Enjoy Holiday Foods without the Guilt and Weight Gain
By Robin Reichert
During the holidays there will be food, lots of food, sugar, butter, and so much delicious, fattening, wonderful things to taste. If you are on a diet, the holidays can be torture. Those extra calories can add up to weight gain of up to five pounds between Thanksgiving and New Year’s Day. There are ways to enjoy holiday favorites and still stay on your diet. If you are watching your weight or trying to lose weight, you are going to need strategies and food substitutions to help you stay on your diet and still to enjoy traditional holiday fare.
1. Snacking: The worst thing you can do for your waistline is to stand beside the treat table while chatting with friends and relatives. With many delicious treats within arm’s reach, you are bound to overindulge without really thinking about what you’re doing. Take a few goodies and step away from the table. Avoid the chips and dips. Dips are one of the most calorie-laden foods served during the holiday season. Add some buttery crackers and you have a diet disaster. A better choice for dipping is hummus or salsa. Replace those crackers with fresh vegetables like carrots or celery.
2. Appetizers: Creamy soups are a favorite holiday appetizer. One cream-based bowl of soup can have up to 300 or more calories lurking in all that deliciousness. Whole milk and heavy cream bases are also heavy with saturated fat. Healthy alternatives are broth-based soups. If you like thicker soups, try vegetable based purées. Substitute the cream with skim milk or water.
3. Candy: Skip the candies and indulge in a handful of dried fruits. Dried apricots, banana chips, and dried apples contain all of the flavor and nutrients, but none of the calories of candies. Try some cranberry sauce or cranberry salad. Cranberries are high in fiber, rich in potassium, and low in calories. Dried cranberries are a tasty way to get your sweet tooth fix while enjoying a healthy snack that also contains compounds that may help prevent urinary tract infections. Pecans and walnuts are good sources of vitamins and minerals, including magnesium, potassium, B vitamins and vitamins A and E. They are also a good source of calcium and zinc. The natural fats in nuts are also good for you. A handful of nuts can satisfy your need to munch without adding too many extra calories to your diet.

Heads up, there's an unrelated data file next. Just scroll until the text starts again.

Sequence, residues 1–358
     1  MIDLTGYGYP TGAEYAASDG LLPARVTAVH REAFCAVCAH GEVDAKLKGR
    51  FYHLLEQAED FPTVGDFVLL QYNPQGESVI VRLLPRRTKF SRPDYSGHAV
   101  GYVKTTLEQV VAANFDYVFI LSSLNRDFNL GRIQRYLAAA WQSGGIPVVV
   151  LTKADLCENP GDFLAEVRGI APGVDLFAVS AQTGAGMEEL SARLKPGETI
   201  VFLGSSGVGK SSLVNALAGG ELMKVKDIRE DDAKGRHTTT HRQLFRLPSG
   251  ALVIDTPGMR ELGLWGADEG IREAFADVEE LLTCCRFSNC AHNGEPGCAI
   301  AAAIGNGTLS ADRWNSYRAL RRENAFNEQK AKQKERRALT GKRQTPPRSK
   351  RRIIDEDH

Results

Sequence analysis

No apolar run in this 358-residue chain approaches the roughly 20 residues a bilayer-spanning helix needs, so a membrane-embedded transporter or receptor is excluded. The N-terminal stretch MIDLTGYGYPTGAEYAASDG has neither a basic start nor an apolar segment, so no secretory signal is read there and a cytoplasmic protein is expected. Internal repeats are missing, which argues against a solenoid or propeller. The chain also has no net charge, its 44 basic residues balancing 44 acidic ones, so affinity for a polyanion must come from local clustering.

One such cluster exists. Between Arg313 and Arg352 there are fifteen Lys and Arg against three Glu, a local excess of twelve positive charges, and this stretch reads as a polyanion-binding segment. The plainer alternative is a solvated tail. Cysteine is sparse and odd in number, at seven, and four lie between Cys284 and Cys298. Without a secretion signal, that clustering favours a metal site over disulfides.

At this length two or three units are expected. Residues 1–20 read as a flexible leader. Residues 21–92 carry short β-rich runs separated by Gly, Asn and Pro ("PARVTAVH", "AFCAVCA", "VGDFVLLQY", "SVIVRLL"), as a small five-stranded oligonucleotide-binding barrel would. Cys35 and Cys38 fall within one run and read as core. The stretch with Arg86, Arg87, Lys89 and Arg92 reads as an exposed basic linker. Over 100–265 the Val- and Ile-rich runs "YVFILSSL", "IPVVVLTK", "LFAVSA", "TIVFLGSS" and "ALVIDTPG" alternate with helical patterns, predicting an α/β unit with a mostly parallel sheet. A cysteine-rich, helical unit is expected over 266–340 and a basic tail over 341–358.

4. Dinner: Turkey and mashed potatoes will be on nearly every holiday table for Thanksgiving and again for Christmas dinner. Turkey is a healthy, high protein, low calorie food that you can indulge in without all the guilt and without destroying your diet. Avoid eating the skin and you can indulge. A three-ounce serving of skinless white meat turkey contains a mere 120 calories and about one gram of fat. One serving of skinless turkey also provides more than half of the recommended daily allowance of folic acid. Turkey is also rich in vitamin B, potassium and zinc. Folic acid and the other nutrients in turkey may help protect you against cancer and heart disease, too. However, beware of the mashed potatoes. Potatoes alone are healthy and contain vitamins and minerals, such as vitamin C and potassium, and have very few calories, but potatoes prepared with butter and heavy cream are a diet disaster waiting to happen. Whip potatoes with low-calorie sour cream instead of heavy cream. Substitute low-calorie margarine for rich butter. Try some roasted sweet potatoes instead of mashed potatoes. Sweet potatoes are loaded with fiber; vitamin A and potassium, just don’t load them up with butter, cream, or marshmallows. What’s a turkey dinner without the stuffing? Dress up your stuffing by adding nuts, dried fruits, celery, and carrots for a crunchy, healthier alternative. Instead of using butter, substitute low salt chicken broth to moisten.
5. Vegetables: Green beans are okay, right? Green beans are a good source of manganese, fiber, iron, and vitamins K, C and vitamin A. But, drown them in rich cream sauces, like that added to create green bean casserole, can negate any health benefits by adding hundreds of calories and loads of fat. Avoid the cream sauce and enjoy some delicious green beans boiled or steamed without all the calories.
6. Dessert: Cakes and pies contain hundreds of calories. It’s going to be difficult to avoid these goodies, especially if you love chocolate and baking. However, you don’t have to avoid chocolate altogether. Your health will actually benefit from eating a bit of this dark, delicious sweet. Dark chocolate has been linked to lower blood pressure and reduced risk of stroke or heart disease. Dark chocolate with at least 70 percent cocoa solids contains higher levels of antioxidant flavonoids and fewer calories than lighter, or milk, chocolate. Flavonoids help reduce LDL, or the bad cholesterol, and help reduce cell damage. Enjoy some rich dark chocolate hot cocoa without risking too many calories, but forego the whipped cream.
You can enjoy all the holiday treats without the guilt and the weight gain by making substitutions in recipes and in your eating habits. Moderation is key. Drink a glass of water before every meal and you will feel fuller faster and be less likely to over-indulge. Happy Holidays!